Thursday, March 14
Christians are called to reflect on the meaning of Jesus’ life and death and on the role we play in continuing his mission. As in all the gospels, the Pharisees in Luke are largely antagonistic to Jesus and Jesus to them. Though the Pharisees’ motives seem problematic, Luke 23:8 suggests Herod’s interest in Jesus was not in killing him. In fact, when given the chance to condemn Jesus, Herod refused to do so. Of course, we cannot be sure of Herod because he had both imprisoned and executed John the Baptist.
To reinforce that Herod has no control over him, Jesus adds that he will be doing these things “today and tomorrow” (Luke 13:32), which may be referencing the resurrection. It is the following verse that makes it clear that it is his death that Jesus primarily has in mind: “Yet today, tomorrow, and the next day I must be on my way, because it is impossible for a prophet to be killed outside of Jerusalem.” (Luke 13:33)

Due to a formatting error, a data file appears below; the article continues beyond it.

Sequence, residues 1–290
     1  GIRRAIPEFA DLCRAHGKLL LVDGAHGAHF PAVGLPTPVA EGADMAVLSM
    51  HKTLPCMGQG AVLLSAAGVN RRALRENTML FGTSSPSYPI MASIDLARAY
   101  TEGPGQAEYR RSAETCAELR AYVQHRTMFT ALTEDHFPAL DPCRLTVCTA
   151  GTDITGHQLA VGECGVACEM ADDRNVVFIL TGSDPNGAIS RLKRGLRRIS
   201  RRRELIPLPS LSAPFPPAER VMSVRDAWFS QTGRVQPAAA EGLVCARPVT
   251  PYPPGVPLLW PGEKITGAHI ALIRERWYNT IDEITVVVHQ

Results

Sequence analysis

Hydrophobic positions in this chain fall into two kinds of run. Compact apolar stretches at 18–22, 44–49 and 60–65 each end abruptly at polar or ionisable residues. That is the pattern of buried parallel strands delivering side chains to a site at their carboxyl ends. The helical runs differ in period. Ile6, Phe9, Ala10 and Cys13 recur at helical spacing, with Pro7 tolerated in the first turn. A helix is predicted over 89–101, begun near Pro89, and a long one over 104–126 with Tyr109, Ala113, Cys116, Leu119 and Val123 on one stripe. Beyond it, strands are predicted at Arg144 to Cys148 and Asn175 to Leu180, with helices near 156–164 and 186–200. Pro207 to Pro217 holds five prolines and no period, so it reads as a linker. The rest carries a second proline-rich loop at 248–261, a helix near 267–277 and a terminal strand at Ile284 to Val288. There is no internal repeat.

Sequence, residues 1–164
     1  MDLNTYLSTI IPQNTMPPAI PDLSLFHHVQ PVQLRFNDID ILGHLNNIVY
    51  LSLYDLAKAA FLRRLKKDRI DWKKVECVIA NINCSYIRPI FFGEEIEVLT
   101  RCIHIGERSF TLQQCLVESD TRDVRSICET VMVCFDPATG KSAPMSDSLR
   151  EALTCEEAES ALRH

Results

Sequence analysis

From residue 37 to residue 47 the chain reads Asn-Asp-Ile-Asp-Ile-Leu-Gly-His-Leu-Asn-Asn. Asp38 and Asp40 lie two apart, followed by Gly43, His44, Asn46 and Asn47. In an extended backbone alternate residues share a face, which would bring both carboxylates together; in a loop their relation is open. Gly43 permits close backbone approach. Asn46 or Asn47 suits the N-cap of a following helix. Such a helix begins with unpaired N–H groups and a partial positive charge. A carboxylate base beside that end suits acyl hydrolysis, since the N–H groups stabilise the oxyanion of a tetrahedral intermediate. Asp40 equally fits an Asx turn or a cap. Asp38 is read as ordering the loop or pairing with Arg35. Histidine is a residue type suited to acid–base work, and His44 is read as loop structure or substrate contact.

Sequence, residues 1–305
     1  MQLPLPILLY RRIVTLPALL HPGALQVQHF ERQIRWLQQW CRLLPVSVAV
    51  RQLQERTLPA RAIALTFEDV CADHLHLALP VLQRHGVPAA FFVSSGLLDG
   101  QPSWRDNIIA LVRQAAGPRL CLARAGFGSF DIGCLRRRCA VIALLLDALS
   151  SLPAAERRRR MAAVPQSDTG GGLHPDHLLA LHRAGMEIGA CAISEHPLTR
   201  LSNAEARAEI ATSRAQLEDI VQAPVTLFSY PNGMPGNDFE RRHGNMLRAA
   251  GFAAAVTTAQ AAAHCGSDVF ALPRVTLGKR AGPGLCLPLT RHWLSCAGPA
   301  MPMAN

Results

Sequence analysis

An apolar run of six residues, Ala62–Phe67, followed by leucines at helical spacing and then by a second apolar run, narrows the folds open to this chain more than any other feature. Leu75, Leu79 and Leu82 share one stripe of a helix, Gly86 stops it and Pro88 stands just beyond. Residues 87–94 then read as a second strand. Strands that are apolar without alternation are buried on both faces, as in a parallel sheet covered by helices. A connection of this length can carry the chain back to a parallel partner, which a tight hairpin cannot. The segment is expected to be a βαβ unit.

Lent is preparing us to experience Jesus’ cross. We are called to do so by considering whether our lives lead appropriately to that cross. Can we make sense of our lives as part of the establishment of God’s kingdom in our world? Are we frightened from our mission by threats of earthly rulers? Or consider this: were Jesus to speak prophetically to us, what would his message be? Or how have we resisted God’s messages and kingdom and/or what difference does it make for us during and beyond Eastertide? Certainly, these are imperative questions to weigh from today’s meditation.
Prayer: Heavenly Father, we ask often that we may do your will on earth as it is in heaven. Yet, our lives here make understanding your divine will difficult, if not rather confusing at times. During Lent, may our prayer and reflections on your teachings bring clarity to our mission and lasting strength for the journey. In Christ name we pray. Amen.